"It's a moral dilemma and [fertility] doctors are afraid to broach the subject because they may be afraid they're walking an unethical line," says Theresa Erickson, a San Diego attorney who specializes in assisted reproduction issues. Erickson, who began working with embryo surrogacy transfers in 1993, says it has been a slow process getting the word out. She currently works with about 10 couples a month interested in donating their embryos. "It is indeed property, but I can't just advertise it in the newspaper. There's the concern that this is not only tissue but something with a soul," she says. "I have to wait for parents to contact me."

"We never got into a discussion with our clinic--they removed themselves from it," Donna Zane says about donating her embryos. The Zanes were the clinic's first couple to find a new home for their frozen embryos. "It was really up to us to figure out how to do this."

Life and Death

ONE WEEK INTO HIS PRESIDENCY, President Bush said that federal money should not be used for research on fetal tissue or stem cells derived from abortions. "I do not support research from aborted fetuses," Bush said, repeating sentiments he expressed during his campaign. While Bush did not specifically address embryonic stem cells, researchers have since feared that the federally lifted ban, implemented by former President Clinton last August, might be reversed.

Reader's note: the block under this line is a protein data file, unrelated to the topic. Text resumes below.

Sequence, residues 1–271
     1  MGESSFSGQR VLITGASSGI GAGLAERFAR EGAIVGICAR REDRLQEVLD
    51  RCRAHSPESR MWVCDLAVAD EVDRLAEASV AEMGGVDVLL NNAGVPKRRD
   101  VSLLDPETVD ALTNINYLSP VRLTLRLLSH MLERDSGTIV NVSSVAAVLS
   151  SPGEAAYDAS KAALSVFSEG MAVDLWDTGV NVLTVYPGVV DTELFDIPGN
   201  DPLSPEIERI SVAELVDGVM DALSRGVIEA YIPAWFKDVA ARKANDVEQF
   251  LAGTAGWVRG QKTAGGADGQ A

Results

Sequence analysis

The battle ahead appears politically thorny because embryonic stem cell research is not only inextricably linked to the abortion debate, it also pits anti-abortion activists against ailing patients and the elderly, who are the most likely to suffer from Parkinson's and Alzheimer's disease. And the debate is fractured because whatever the embryo's exact moral status, using embryonic cells for potentially life-saving research seems preferable to simply discarding them. The old alliances of the abortion debate, therefore, are no longer so clear-cut.

As it stands today, ethical issues persist. "It's political dynamite going into this area," says Serena Alvarez, a second-year law student at Stanford University. Alvarez, who is pro-choice but against embryonic stem cell research, is writing a thesis on the subject. "The Supreme Court won't touch it, Congress won't touch it, but it has to be dealt with. There's no clear legal basis for when an embryo is considered 'alive.'"

Alvarez points out that a legal definition of "life" could be formed using the precedent of the Uniform Determination of Death Act passed in 1980, which set legal guidelines for biological death, such as brain death. "How can we take part in this debate when (the embryo's) status is still undetermined?" she says, noting that medical advances have made it necessary to reevaluate. " The research doesn't make any sense unless we decide when life actually begins."

But that determination may arrive somewhat surreptitiously--and not without political strife. Just last week, the House approved legislation making it a crime to harm a fetus while assaulting a pregnant woman. If passed by the Senate, the "Unborn Victims of Violence Act" would effectively define the fetus as a separate person, on par with a living human being.

Wherever the debate takes us linguistically and legally, it is definitely bringing new questions to light. "We're moving into a biological revolution," says Dr. David Prentice, professor of life sciences at Indiana State University. Prentice is a member of the Coalition of Americans for Research Ethics. "There are going to be many more ethical debates along the way, depending on what paths we decide to take now."

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From the May 3-9, 2001 issue of Metro, Silicon Valley's Weekly Newspaper.

Copyright © 2001 Metro Publishing Inc. Metroactive is affiliated with the Boulevards Network.